In early 2003, when Kid Rock scored a surprise multi-format hit with “Picture,” comebacks were already a rare commodity at Mainstream Top 40. In a narrowly defined, increasingly Rhythmic format, an artist who lost career momentum with any given project couldn’t count on getting it back even if he or she showed up with the “right” record next time. It was too easy to find yourself permanently exiled to Hot AC or, for an R&B artist, Urban AC.
So pulling off a second comeback, with “All Summer Long,” would seem like an almost Cher-like feat for the real-life Robert James Ritchie. It’s undoubtedly impressive – but it’s happening alongside some other unusual career arcs this summer:
- Buckcherry: An act that had been out-of-business at Active and Modern Rock for roughly five years capped more than a year of comeback Rock hits with a first-ever Top 40 hit in “Sorry.”
- Ray J: Technically, the comeback was last time around with the indie-label surprise hit “One Wish.” But the follow-ups stalled, and until “Sexy Can I” dropped, there was no guarantee that he would repeat the success of that song, much less eclipse it.
- Jesse McCartney: “Beautiful Soul” and the current CHR No. 1, “Leavin’,” bookended “Right Where You Want Me,” the No.29 single from his last album that proved that a more mature, soulful Jesse wasn’t immediately going to take – at least until he had the right record.
- Madonna: You can give as much of the credit to Justin Timberlake as you want, not every superstar pairing works. And her biggest hit since the early part of this decade was on a label that was on the last album of its contract.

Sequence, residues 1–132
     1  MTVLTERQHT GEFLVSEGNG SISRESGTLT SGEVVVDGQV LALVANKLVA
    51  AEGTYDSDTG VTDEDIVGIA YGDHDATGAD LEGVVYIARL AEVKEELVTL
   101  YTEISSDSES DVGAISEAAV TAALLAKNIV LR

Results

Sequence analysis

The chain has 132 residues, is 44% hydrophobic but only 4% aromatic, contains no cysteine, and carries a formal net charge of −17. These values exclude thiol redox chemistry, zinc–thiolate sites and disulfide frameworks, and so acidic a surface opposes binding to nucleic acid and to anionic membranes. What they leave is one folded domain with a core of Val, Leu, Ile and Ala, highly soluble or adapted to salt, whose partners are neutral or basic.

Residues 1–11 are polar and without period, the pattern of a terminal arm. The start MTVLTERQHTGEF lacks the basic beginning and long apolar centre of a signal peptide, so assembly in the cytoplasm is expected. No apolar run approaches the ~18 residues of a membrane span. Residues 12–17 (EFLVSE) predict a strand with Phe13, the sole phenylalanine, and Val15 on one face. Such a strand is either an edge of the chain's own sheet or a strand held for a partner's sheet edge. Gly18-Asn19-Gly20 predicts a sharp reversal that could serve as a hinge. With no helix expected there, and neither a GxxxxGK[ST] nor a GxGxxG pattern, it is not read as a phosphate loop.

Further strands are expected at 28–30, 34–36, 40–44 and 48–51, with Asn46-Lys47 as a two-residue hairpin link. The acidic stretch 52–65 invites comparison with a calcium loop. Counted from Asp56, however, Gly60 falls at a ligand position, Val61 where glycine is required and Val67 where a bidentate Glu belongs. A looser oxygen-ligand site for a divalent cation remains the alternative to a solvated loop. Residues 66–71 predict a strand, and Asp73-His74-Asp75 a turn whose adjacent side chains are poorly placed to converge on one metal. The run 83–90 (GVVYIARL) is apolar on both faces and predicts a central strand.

- Coldplay: Okay, it’s not like they ever relinquished their status as one of the world’s biggest rock acts, but their radio momentum did sputter over the course of “X & Y.” And if Chris Martin didn’t take a little of that altitude loss personally, where did the lyrics of “Viva La Vida” come from?
- New Kids On The Block: Even if “Summertime” has indeed peaked at No. 19, any comeback is significant from a band that was once so scapegoated by Top 40 that it went by NKOTB for a while in hopes of getting past PD bias. Now consider that there’s a new single from the reformed Menudo – never allowed past No. 62 by ’80s PDs – in the wings as well.
And if you’re not willing to anoint 2008 the year of the comeback just yet, we’ve still got the Chris Cornell and Timbaland collaboration on the way and a Michael Jackson & Akon track floating around on the Web. And if “The World Should Revolve Around Me” by Little Jackie puts band-member Imani Coppola back on the radio, more than a decade after her “Legend Of A Cowgirl” it will be a particularly impressive achievement.
Not every attempted comeback has taken at Top 40 – Celine Dion’s “Taking Chances” and Janet’s “Feedback” attest to that. Donna Summer and Def Leppard both remain significant presences at AC and Hot AC respectively, but it’s hard to imagine either breaking through to Top 40, even with “American Idol” in Summer’s case. But artist career paths are a lot less symmetrical in 2008 and there are a variety of reasons, including:
- Top 40 is in a period of transition. Rhythmic Pop is still the prevalent sound, but there’s neither the “shock of the new” that there was in the period between “Hollaback Girl” and “SexyBack,” nor any other one musical movement clearly poised to unseat it. Now think back to the early ’90s and the time between Hip-Hop’s pop breakthrough and the New Rock revolution when Roberta Flack and James Ingram suddenly found themselves with hits again. (And, no, lest it seems like I’m trying to diminish any current product, I do not think anything out now is as lame as “Set The Night To Music” was in 1992.)